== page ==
With both hands, a young girl clasped a glass tube as bubbles within it rose to the top. Her eyes tracked them in the dark room.
A boy lay on a foam mattress and kicked his feet when fiber-optic strands beside him glowed in the dark.
French music played behind a projection of the Eiffel Tower. Then came the sound of crashing waves and a picture of the ocean.
Soothing sounds, bright lights and varying textures are the focus of the Snoezelen room at The Children’s Center at UCP of Long Island in Commack.
The school on Tuesday opened the room that uses the objects inside to relax students and stimulate their senses — a crucial way to teach the developmentally disabled. The training originated in the Netherlands in the 1970s.
“It does heighten the senses for our students. Students that are nonverbal are able to communicate in this environment via simple gestures and facial expressions,” said Sherri Glazer, the center’s principal and director of educational services.
The school over the years has maintained sensory rooms that were less sophisticated. The new $22,000 room, funded by a private grant, represents the center’s largest investment in the technology.
The Children’s Center instructs 78 students from prekindergarten through high school. About three-fourths of those enrolled are nonverbal and nonambulatory, and some are vision-impaired. Others have suffered traumatic brain injury, are prone to significant seizures or are mildly autistic.
After the young boy kicked and moved his hand toward the bright fiber-optic strands, Karen Messina, a physical therapist at the school, explained that “he’s learning how to move his body toward his environment.”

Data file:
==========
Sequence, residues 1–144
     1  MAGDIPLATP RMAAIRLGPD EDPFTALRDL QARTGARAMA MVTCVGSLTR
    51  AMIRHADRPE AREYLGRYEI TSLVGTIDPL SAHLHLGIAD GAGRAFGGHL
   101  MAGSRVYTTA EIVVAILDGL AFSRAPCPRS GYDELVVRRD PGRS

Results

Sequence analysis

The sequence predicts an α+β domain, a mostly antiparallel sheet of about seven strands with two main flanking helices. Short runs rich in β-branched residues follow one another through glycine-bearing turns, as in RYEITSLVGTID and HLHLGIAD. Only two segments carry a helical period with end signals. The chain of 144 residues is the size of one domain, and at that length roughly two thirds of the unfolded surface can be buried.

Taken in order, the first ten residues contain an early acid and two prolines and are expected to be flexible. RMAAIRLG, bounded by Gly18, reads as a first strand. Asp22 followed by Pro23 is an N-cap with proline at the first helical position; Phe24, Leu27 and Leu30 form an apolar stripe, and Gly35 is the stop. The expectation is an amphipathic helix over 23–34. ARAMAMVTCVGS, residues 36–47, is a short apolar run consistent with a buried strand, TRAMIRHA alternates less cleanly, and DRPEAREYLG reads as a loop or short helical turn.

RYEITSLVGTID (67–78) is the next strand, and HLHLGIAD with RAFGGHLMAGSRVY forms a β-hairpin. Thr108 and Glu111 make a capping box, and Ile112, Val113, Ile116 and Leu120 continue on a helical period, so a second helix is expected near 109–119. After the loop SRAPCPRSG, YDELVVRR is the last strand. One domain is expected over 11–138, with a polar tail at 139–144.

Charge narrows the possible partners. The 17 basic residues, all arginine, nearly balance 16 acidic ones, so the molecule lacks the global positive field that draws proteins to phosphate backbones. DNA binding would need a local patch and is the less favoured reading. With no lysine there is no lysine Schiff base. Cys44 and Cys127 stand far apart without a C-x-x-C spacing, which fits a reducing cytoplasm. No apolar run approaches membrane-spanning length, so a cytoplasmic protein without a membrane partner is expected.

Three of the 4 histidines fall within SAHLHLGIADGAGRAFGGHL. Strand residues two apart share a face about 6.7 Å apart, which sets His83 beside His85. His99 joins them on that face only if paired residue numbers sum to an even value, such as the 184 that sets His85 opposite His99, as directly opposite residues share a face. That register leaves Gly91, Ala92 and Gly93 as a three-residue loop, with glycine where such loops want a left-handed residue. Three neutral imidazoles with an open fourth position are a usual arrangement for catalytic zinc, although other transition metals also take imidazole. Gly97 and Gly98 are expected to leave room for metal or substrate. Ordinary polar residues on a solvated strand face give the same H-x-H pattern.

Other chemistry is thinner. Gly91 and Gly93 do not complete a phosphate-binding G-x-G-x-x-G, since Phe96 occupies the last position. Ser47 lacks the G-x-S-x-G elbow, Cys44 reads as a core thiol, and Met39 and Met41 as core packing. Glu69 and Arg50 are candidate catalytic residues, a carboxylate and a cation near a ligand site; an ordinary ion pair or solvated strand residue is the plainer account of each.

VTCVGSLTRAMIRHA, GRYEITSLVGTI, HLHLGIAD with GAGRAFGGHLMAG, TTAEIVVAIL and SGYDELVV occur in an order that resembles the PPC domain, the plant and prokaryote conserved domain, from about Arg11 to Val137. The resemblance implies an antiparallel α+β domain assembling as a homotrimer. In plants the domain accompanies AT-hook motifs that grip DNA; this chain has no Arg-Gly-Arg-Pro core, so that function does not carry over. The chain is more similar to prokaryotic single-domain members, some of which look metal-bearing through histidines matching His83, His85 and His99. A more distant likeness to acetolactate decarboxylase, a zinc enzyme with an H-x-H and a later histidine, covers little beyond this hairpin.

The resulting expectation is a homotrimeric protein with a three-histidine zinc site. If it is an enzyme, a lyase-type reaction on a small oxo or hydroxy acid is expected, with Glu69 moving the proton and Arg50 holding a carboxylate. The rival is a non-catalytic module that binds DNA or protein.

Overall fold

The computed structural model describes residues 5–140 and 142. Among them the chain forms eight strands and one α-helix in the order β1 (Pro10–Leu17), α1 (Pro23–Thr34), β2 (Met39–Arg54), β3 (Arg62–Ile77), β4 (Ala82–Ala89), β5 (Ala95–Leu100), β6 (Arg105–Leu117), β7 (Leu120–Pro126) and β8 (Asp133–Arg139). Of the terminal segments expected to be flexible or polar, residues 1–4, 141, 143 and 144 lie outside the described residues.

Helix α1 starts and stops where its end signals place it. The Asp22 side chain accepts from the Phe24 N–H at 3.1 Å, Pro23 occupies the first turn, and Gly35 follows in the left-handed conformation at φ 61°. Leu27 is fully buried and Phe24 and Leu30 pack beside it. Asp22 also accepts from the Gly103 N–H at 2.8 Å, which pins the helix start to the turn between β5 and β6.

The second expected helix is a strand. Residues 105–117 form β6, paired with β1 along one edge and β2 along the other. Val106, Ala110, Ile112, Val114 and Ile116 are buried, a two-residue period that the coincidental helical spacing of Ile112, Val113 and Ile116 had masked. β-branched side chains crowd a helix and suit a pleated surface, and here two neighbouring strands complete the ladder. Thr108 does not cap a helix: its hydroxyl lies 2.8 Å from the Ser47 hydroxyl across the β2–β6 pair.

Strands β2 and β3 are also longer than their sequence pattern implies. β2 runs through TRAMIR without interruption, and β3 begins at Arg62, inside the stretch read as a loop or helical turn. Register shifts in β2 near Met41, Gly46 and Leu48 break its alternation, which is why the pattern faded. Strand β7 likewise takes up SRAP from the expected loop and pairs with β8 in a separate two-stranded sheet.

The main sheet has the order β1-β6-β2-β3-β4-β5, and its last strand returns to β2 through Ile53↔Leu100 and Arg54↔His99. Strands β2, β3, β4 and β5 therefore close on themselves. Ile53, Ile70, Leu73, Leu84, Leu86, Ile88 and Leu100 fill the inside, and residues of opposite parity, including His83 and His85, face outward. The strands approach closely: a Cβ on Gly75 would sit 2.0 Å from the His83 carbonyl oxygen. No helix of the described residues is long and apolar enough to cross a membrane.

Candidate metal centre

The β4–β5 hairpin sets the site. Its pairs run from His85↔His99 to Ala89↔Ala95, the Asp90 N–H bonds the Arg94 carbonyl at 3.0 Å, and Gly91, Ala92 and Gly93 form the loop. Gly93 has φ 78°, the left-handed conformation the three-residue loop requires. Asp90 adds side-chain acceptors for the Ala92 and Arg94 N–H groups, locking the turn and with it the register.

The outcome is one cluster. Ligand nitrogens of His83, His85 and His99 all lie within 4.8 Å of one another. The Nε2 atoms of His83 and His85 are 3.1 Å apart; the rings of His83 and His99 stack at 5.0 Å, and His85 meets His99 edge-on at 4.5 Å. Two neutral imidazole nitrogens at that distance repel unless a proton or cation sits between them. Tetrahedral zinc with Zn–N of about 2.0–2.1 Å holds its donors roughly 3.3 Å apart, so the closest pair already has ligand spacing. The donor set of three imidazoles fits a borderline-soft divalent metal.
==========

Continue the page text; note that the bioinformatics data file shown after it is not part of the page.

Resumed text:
“You can tell he was enjoying himself,” said Messina, who has taught at the school since 1988. “When you enjoy that, you stimulate the brain in other ways.”
Karen Geller-Hittleman, an assistant executive director of the Cerebral Palsy Association of Nassau County, said for many with developmental disabilities, “the body and brain do not process sensory information appropriately, and at times the environment can become overwhelming.”
The multisensory room, she said, “offers exposure to visual, auditory and touch sensations in a safe and stable environment.”
The term “Snoezelen” — pronounced snoo-zuh-lin — merges the Dutch verb “snuffelen,” which means to seek and explore, with “doezelen,” to relax. Such rooms are in dozens of countries and across the United States, and some are on Long Island.
The Cerebral Palsy Association of Nassau County, in Roosevelt, opened a multisensory room for its Adult Day Treatment Program in 2014. Schools in the Middle Country school district maintain variations of the room, too.
At Eugene Auer Memorial School in Lake Grove, 16 autistic students use a Snoezelen room with lava lamps, black lights and aerial projections of stars. Teachers in the district raised $25,000 for the room, which opened in 2014.
“It’s just a very calming atmosphere — kind of like going into a spa-type place,” said Ken Gutmann, the elementary school’s principal. “It looks strange at first. It really works.”
Instructors use the rooms to calm the nerves of students who feel stressed over occupational or physical therapy assignments.
“If you were working with the students on upper body strength and kneeling positions, it’s nice to have the sensory part as a distraction for the students so they can work on those very difficult skills that, in another environment, might not be so motivating,” Glazer said.
Some students in Middle Country use a more active sensory room with a large swing, trampoline, ramps and monkey bars that “does the opposite: It gets the activity out of them,” Gutmann said.
Geller-Hittleman said the cerebral palsy organization is applying for grants to secure funding for a state-of-the-art Snoezelen room for its younger members.
“If we can break through some of those barriers, and desensitize individuals to sight, sound and touch, then the integration into the community can be on a greater scale,” Geller-Hittleman said.